The Risk Of Using Free Online Classes For Credit

Offering credit for free online classes opens a world of potential, especially to those who otherwise could not afford a “typical college class” yet have the will and desire to learn. However, this potential for incredible good also comes with the incredible risk of ruining nearly all MOOCs — widespread cheating.

The beauty of current MOOCs is their purity. (Nearly) everyone who is enrolled is there because they have a genuine interest in the subject matter and have a unified goal of learning. Thus, the likelihood of cheating happening in these classes is reduced since, what’s the point?  Cheating occurs when students are forced to take classes and tests that they have no real interest in and feel is irrelevant.

I am also only refering to the traditional form of cheating where one student bothers another just for the answers. There can be benefits to “cheating” as a form of “creative problem solving”, but that is a fine line and those usually aren’t the cheaters I am worried about in MOOC classes. (For an idea of what I consider “creative problem solving via cheating” you can refer to the Kobayashi Maru in Star Trek.)

Certified accreditation from these online classes would begin to throw those “cheating students” into the mix, polluting the pool of honest students who are there for the sole purpose of learning. If students are required to enroll, there will be a reason for some students to cheat because they have no real interest in the material — they are there solely to meet a prerequisite, get a raise, or for some other requirement.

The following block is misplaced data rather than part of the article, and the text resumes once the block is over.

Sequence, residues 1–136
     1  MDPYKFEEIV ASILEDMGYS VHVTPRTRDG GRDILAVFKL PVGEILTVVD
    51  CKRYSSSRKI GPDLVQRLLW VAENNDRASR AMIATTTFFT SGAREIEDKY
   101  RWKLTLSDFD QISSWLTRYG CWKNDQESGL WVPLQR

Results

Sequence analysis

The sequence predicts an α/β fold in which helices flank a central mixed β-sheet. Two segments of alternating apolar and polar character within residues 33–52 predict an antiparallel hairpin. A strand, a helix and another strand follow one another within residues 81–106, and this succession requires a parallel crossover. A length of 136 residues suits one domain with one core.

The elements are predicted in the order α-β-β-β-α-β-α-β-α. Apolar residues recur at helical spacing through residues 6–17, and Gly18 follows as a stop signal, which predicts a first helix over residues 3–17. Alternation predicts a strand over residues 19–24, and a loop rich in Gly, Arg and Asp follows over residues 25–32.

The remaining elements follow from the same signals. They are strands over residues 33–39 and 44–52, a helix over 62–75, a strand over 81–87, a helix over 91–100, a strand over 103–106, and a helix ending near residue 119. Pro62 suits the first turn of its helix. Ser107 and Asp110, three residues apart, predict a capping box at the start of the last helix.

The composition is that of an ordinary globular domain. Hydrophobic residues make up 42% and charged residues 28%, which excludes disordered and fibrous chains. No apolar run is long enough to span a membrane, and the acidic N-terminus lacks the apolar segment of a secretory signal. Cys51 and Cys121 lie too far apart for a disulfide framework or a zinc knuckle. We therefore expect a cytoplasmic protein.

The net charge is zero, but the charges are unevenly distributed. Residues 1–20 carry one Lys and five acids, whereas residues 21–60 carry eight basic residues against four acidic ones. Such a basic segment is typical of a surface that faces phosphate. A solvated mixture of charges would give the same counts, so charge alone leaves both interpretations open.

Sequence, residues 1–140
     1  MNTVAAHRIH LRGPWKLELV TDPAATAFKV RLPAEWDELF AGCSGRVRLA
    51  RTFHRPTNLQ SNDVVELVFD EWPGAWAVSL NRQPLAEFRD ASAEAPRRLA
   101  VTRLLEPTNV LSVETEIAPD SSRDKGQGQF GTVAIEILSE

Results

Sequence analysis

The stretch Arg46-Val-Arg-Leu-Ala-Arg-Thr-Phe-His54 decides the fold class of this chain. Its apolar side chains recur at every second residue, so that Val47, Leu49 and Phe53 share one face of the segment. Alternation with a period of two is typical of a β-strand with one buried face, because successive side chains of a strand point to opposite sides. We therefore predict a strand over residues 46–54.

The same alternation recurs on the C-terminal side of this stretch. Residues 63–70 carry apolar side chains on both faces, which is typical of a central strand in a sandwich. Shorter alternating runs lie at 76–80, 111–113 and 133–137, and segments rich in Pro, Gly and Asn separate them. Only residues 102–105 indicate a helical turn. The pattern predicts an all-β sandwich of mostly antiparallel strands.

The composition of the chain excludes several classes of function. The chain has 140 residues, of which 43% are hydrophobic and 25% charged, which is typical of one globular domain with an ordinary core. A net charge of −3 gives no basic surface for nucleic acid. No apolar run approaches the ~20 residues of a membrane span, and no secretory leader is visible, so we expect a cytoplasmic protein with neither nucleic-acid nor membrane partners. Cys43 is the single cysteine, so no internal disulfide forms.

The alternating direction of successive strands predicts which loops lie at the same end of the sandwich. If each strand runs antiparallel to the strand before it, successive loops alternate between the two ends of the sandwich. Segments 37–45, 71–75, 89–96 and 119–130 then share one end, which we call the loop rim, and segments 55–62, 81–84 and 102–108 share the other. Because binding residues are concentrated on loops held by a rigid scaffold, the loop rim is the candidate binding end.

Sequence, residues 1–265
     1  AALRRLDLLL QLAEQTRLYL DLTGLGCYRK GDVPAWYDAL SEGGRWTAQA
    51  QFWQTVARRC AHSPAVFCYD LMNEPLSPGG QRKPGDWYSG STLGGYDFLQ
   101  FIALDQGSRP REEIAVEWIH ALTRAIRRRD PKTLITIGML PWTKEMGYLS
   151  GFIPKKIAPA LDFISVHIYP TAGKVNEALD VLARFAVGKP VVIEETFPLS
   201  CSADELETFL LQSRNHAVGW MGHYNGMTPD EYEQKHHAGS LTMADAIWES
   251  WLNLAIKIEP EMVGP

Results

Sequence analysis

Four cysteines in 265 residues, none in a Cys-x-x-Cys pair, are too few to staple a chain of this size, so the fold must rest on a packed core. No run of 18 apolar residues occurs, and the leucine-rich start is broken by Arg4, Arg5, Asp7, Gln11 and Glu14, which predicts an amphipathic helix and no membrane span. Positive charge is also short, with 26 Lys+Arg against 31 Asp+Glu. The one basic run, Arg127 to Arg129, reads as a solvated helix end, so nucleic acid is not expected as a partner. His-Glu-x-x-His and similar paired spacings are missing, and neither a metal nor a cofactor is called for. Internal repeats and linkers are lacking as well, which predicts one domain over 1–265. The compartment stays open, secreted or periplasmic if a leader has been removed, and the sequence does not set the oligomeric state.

The MOOCs which resemble traditional classes like Coursera and edX are particularly susceptible to various forms of “cheating” or answer trading, particularly through the forums. To their credit, I have seen fairly good regulation through deletion of inappropriate posts, and peers responding with some depth rather than just answers.

This might be a pessimistic forecast, but my biggest personal fear is that if these MOOCs lose clout because of cheating, it will be difficult to attract the best schools, professors, and lecturers to teach. Currently, that is my main draw; learning from the best.

I certainly don’t expect any college credit or degree, nor a raise at my day job. I think its foolish to expect such a direct benefit, but that doesn’t mean I don’t expect a number of indirect benefits. For example, I do believe that it will be useful if I go back to school, for I can test out of prerequisites at the school I will attend. In my job, I do expect to get a raise if I am able to apply my new-found knowledge to improve the organization. None of these indirect benefits require accreditation by the American Council on Education.



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